I think it would help if there were a standard, minimal C string library, and if existing APIs including system calls were given equivalents using these. So open() could take a pointer to a 'const struct String' rather than a char *. Having done this, the existing functions like strlen() and strdup() could be declared deprecated. There are plenty of decent string manipulation libraries for C, what's lacking is a single one library which everyone can agree to support.

At least in C++ there is a standard 'string' type, although some people insist on reinventing the wheel (Microsoft's MFC with CString, Qt with QString).

You can, but it's hard, and why would you want to? (3, Insightful)

Tom7 (102298) | more than 11 years ago | (#5607111)

How do you prevent against double-frees ... Use a garbage collector? Integer overflow ... use a package that checks for overflow on each integer op? Bad pointer arithmetic ... disallow it? Force the programmer to check error conditions on system calls ... use exceptions?

What you're describing, is, in fact, a modern high-level language. Except that if you were to do all this stuff in C, you'd be in such an environment that even the simplest stuff is a pain in the ass... calling special functions or macros to access arrays, etc. Nobody wants to do this, and nobody wants to read code that does -- and that's why nobody does. These high-level safe languages do all this stuff automatically, and transparently, so that you can write clean natural code and it is secure against the most common kinds of holes. Java is an example if you like Object Oriented programming, for my part I like SML.

Of course it's possible to write bug-free C code. But it's really hard when you are at the scale of even a modest network daemon. Even our best programmers make security bugs when writing in C though (see: Quake I, II, III, Half-Life, Linux Kernel, sshd, ftpd, apache, perl, mozilla, and just about every other software package you think is written by great programmers), so how can we expect the rest of the world to do it?

Re:Languages not necessarily the problem (0)

Anonymous Coward | more than 11 years ago | (#5607156)

In C, it just requires using a library like glib for your string handling

It doesn't even require that. Just use the "n" counterparts, E.g. strncmp() instead of strcmp(), strncpy() instead of strcpy() etc. That, and some brains.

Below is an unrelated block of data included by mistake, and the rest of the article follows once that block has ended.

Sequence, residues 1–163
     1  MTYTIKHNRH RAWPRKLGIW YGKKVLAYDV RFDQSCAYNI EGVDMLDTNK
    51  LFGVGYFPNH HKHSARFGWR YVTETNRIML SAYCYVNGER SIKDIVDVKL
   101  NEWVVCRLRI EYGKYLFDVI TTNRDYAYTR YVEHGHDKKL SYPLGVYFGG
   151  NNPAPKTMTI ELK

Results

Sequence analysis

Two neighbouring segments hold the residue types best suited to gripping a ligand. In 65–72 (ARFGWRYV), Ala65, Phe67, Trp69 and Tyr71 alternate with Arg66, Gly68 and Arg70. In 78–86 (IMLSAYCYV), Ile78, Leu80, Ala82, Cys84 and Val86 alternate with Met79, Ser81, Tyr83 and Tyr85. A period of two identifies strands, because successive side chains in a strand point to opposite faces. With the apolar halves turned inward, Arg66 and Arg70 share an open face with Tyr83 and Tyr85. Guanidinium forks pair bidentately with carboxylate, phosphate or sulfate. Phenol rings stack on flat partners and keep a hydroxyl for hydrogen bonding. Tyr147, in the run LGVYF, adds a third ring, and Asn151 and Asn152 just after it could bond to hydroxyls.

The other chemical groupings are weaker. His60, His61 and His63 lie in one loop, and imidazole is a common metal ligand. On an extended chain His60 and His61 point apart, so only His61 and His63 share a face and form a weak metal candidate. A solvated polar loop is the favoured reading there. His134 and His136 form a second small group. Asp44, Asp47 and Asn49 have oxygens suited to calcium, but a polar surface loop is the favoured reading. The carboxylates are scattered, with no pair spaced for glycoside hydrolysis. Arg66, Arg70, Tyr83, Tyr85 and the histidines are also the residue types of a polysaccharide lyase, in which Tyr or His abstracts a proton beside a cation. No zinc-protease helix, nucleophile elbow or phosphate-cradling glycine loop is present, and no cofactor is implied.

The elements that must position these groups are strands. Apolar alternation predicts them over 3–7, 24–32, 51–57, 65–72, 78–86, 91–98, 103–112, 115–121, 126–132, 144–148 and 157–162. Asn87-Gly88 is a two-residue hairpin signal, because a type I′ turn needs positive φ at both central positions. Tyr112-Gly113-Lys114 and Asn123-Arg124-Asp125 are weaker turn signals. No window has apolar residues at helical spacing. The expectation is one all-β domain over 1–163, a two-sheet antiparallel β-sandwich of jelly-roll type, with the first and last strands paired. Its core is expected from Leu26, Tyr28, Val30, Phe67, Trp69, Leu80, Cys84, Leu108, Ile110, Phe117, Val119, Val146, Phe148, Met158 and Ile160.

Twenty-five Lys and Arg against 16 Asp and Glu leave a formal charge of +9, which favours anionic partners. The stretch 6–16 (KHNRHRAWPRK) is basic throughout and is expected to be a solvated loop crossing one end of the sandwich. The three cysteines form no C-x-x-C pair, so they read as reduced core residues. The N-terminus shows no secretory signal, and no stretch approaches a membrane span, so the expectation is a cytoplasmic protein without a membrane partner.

There is a reason for reinventing the C++ string class. These days its all about multibyte characters (E.g. UTF-8) but string only does the old ASCII 8bit. If you need to manipulate Unicode strings, you need a new string class.

Re:Languages not necessarily the problem (1)

Deth_Master (598324) | more than 11 years ago | (#5607164)

That's what I'm saying. I mean he (the author of the article) even shot himself in the foot by claiming that he sees bugs in higher level web-languages like PHP.
Just because you use a high level language, if you suck at coding, your program will have security holes.

Referring to the standard, minimal C string library. I used one in the past. I believe it was called APSTRING. It was a nice string object and and it had a method to make it compatible with those older functions that wanted char *'s. Making one library that everyone will agree to support will be difficult, because they all have slightly different implementations of basically the same thing. A defacto standard could be made if you started using one and kept on using it.
There's nothing wrong with writing code in C++ if it's written well. Having access to the lowlevel stuff is handy, but if you don't need it, don't use it. Use the more advanced, safer, if slightly slower libraries. Heck, sometimes (not always) they're even easier to work with.

Re:Languages not necessarily the problem (0)

csguy314 (559705) | more than 11 years ago | (#5607200)

mod parent up.
A bad coder will be a bad coder, regardless of the language they use.

Hey firewall boy... (1)

ReidMaynard (161608) | more than 11 years ago | (#5606884)

SecurityFocus columnist Jon Lasser is the author of Think Unix (2000, Que), an introduction to Linux and Unix for power users. Jon has been involved with Linux and Unix since 1993 and is project coordinator for Bastille Linux, a security hardening package for various Linux distributions. He is a computer security consultant in Baltimore, MD.

Jeeze, he isn't even a programmer..

Re:Hey firewall boy... (1)

ksw2 (520093) | more than 11 years ago | (#5607085)

Jeeze, he isn't even a programmer..

I would think that writing a massively popular security-oriented program (Bastille) would qualify him to comment on secure programming, wouldn't you?

Re:Hey firewall boy... (1)

IPFreely (47576) | more than 11 years ago | (#5607167)

Jeeze, he isn't even a programmer..

What makes you say that?

Experienced professionals don't put programming languages on their resumes, they put job titles and responsabilities. You don't get that kind of resume unless you can do all the work that goes with it, including programming.

Yeah, but..... (1)

IamTheRealMike (537420) | more than 11 years ago | (#5606895)

To be honest, I've thought for quite some time that people should be moving away from C and C++ for most stuff on UNIX, simply for the productivity benefits it would bring - the added security is OK, but as pointed out in the article, high level languages aren't a silver bullet.

Unfortunately, the vast majority of our desktop software on Linux is still being written in C or C++. Why? Well, those are the "native" languages of the two big desktop projects. C++ was chosen in KDE because, well, that's what Qt is. C was chosen in GNOME, ironically partly because it's easier to bind to other languages (when done properly).